Including this newest structure, Marian Homes owns three group homes in Northern Virginia, specially retrofitted to be more accommodating for residents like those leaving the training centers. The first one for five women in the Brecon Ridge subdivision of Fairfax was dedicated in 1998 and a second for five men in the Fairfax subdivision of Greenbriar was purchased in 2010. All of the first 10 residents came from Northern Virginia Training Center.
To operate the homes and provide round-the-clock support for the residents, Marian Homes has partnered with Chimes of Virginia, the local base of large Baltimore-based Chimes Foundation of care providers.
On June 25, Marian Homes held the grand opening of its third house, located on Gresham Street in north Springfield. In this instance, the group used deferred-loan funding it was awarded from the Fairfax County Redevelopment and Housing Authority to cover the $510,000 mortgage.
Marian Homes volunteers started the demolition and reconstruction in late February this year, and spent another $103,000 to have contractors finish transforming the interior from a three bedroom single-family unit to a five-bedroom dwelling where each of the residents can receive the support and care they need.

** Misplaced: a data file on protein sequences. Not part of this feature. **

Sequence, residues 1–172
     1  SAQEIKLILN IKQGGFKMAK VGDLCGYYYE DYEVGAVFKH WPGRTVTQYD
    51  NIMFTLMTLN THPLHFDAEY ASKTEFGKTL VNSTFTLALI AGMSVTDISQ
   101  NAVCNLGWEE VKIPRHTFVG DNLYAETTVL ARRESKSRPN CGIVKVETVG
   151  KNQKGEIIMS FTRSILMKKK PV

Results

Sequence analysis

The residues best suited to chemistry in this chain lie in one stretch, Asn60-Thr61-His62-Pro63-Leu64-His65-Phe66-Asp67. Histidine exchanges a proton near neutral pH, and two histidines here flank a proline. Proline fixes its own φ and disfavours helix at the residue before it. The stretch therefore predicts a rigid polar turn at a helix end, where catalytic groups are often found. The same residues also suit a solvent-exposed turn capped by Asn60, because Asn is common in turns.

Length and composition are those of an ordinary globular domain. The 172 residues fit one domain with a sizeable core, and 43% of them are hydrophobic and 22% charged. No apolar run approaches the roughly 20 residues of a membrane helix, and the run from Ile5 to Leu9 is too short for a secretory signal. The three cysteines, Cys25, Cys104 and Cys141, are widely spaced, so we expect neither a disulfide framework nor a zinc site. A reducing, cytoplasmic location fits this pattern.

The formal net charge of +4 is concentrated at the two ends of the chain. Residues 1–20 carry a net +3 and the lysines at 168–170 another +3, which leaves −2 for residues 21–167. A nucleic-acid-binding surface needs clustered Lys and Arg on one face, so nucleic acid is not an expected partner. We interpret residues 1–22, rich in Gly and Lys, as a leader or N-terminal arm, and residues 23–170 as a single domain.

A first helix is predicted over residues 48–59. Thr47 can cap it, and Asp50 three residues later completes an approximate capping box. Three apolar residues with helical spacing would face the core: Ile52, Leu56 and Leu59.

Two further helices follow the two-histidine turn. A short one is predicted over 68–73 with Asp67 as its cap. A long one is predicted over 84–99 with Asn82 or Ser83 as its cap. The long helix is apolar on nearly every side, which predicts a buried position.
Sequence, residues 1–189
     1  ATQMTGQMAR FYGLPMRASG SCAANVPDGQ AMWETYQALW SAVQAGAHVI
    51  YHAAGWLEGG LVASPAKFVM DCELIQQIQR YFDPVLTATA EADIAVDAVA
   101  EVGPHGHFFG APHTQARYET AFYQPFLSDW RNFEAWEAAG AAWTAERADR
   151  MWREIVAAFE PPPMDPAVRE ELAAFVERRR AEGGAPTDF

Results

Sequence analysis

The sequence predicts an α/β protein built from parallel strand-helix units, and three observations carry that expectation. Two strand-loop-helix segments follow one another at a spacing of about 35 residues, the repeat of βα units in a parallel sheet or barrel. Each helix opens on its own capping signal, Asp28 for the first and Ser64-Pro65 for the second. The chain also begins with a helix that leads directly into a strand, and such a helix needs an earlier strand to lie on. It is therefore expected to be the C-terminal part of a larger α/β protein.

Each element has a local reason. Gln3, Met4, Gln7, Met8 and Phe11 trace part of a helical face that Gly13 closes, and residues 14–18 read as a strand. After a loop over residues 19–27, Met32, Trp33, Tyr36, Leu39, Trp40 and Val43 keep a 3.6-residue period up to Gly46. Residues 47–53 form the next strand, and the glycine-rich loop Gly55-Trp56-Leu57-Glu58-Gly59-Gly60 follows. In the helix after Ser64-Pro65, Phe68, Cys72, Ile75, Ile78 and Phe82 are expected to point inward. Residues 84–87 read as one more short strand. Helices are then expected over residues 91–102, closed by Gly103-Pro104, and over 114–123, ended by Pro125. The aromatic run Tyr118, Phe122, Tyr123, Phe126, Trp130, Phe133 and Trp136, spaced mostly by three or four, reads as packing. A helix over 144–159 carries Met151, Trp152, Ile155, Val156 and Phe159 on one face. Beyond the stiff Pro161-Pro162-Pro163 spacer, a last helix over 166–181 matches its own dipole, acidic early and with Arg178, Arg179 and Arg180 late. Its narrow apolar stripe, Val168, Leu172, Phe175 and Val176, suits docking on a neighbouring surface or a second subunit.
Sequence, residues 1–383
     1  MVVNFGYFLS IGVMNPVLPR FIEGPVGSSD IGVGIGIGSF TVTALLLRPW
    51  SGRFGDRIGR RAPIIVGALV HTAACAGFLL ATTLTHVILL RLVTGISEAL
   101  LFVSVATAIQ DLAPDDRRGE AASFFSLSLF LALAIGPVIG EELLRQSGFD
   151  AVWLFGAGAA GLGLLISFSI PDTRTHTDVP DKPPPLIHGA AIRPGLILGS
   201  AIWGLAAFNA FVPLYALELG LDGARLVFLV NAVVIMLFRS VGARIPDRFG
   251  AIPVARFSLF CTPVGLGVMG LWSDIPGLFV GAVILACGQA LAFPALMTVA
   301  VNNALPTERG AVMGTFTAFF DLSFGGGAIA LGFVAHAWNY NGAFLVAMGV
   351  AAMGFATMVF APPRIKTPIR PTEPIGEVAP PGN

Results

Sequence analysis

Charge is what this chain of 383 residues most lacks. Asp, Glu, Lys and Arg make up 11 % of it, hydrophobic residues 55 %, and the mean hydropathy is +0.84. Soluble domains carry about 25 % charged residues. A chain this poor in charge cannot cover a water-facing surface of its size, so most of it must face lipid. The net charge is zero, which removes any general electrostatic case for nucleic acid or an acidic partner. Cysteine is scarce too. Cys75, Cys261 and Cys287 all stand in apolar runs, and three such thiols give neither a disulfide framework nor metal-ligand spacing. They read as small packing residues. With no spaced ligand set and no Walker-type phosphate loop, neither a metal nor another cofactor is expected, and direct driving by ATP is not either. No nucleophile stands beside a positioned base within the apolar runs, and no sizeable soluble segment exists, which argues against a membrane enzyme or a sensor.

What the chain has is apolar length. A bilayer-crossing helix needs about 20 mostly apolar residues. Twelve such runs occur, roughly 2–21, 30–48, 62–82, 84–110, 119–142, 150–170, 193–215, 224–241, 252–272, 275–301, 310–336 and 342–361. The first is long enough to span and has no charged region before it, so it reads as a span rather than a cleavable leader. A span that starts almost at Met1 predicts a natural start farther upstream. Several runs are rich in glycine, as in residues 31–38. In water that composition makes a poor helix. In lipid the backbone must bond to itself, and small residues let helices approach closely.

“It’s better for them to live with other individuals,” said Chimes chief operating officer Nancy Eisele. “In larger settings it gets lonely, there are limitations on social skills and communication. I think this model does work well for a number of people, with the right combination, who can really get along in a congregate setting.”
FAIRFAX RESIDENT JOHN GERMAIN is on the board of Marian Homes and designed the house’s custom interior that required a complete teardown and rebuild.
“I’m elated,” Germain said while looking around the sparkling new floorboards and generously wide hallways. “I’m happy to see the residents -- I’m so joyful for them to have a place they can call home.”
Phil Torrey of Fairfax Station is the Marian Homes treasurer and was on one of the demolition teams. “I helped take out that wall with a sledgehammer,” he said. “It looks a lot different now. It’s really nice.”
Construction was completed in just 75 days, at the end of May. The first four residents moved in on June 15.
Renovations included converting the house from three bedrooms to five, adding a walkout entry, all-new flooring, building out the bathrooms to accommodate wheelchairs and a hoist mechanism and completely remodeling the kitchen. There are plans to add an electronic lift up to the side entrance of the house.